Pirating Iguanas?

The Fiji Island Banded Iguana (Brachylophus fasciatus) is an endangered species due to loss of habitat and is protected by an international treaty against trading in endangered animals.

A man has been arrested for stealing three of them from a nature reserve in Fiji in 2002 and smuggling them back to his home in California by hiding them (I'm not making this up) in his prosthetic leg.

Arrr, ye scurvy sea dog, is that an iguana in your peg leg or are ye just happy to see me?

It is believed he was breeding them. During an undercover investigation by the United States Fish and Wildlife Service, the man told an agent that four years ago he had sold three iguanas for $32,000.

Iguangas found in his home will be placed in breeding programs at zoos in the USA.

If convicted, he could be placed in a human zoo (jail) for up to five years.

Too good fer the likes of 'im - walk the plank, says I!


nzm said...

Sorry Pandabonium, you're a tad late for International Talk like a Pirate Day!

Hidden in a false leg - that's bizarre!

I wonder why they don't return recovered endangered species back to their native lands - is it a quarantine issue?

They used to have iguanas in a cage at the Museum in Suva in the Botanical Gardens. Could never work out why, but it was fascinating to watch them.

Pandabonium said...

NZM - Where ye been? Off burying your doubloons I'd wager. Sorry - got stuck on the pirate talk.

As for returning the critters...Not sure how they decide those things. I think the lizards they found in the guy's house were descendants of the stolen ones, so whose are they?

ladybug said...

Very interesting! I once helped an American professor get some frozen & live "specimens" out of Tahiti during an airlines/political blockade (had something to do w/Australia) - this was the early nineties....

This was all part of my work when I lived in Washington D.C., basically helping people who were traveling (mostly medical emergencies though).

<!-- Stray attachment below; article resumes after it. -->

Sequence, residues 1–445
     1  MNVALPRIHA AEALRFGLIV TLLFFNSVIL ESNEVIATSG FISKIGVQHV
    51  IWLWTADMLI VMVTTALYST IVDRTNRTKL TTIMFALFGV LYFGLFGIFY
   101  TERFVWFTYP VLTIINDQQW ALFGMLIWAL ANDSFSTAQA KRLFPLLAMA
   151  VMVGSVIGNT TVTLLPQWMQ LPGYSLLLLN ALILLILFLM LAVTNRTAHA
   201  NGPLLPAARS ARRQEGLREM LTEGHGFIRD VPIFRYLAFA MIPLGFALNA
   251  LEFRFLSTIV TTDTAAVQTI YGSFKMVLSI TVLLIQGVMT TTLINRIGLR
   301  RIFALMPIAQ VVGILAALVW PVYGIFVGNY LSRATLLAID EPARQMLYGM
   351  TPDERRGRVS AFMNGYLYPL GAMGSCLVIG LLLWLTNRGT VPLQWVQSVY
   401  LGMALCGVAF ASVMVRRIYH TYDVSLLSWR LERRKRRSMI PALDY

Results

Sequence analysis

Anyhoo, He had to get them to Brisbane where he and some colleagues were going to study them (I remember having to call a university in San Diego to confirm his credit card info...). He sent me a nice letter and a gift card.

Now I hope they weren't endangered or illegal!

Pandabonium said...

LB - that's an interesting story. I wonder what was going on between Tahiti and Australia then. So you were working in the State Dept.?

QUASAR9 said...

I mean I know the Aruaco Indians in the Andes still prize Iguana as a delicacy (on special occassions)

But who pays $32,000 for three iguanas - lol!

No, I shouldn't laugh if they are endangered, nor at the fact that he smuggled them in a prosthetic leg - I presume he bound them hand & foot around a stick, ready to bbq

QUASAR9 said...

PS - By the titke, I half expected to see the iguana wearing an eye patch - lol!

Pandabonium said...

Quasar9 - people pay those prices to collect them, not eat them - like the trade in exotic birds and fish. Still a huge amount of money to own a lizard!

maybe we'll have "talk like an iguana day".

Peceli and Wendy's Blog said...

Yes, I read that story. It took five years to catch him! So how long does an iguana live?
There's so much talk of turtles at present in Fiji - everyone and his cat and dog are having a go in 'Your Say' in the Fiji Times.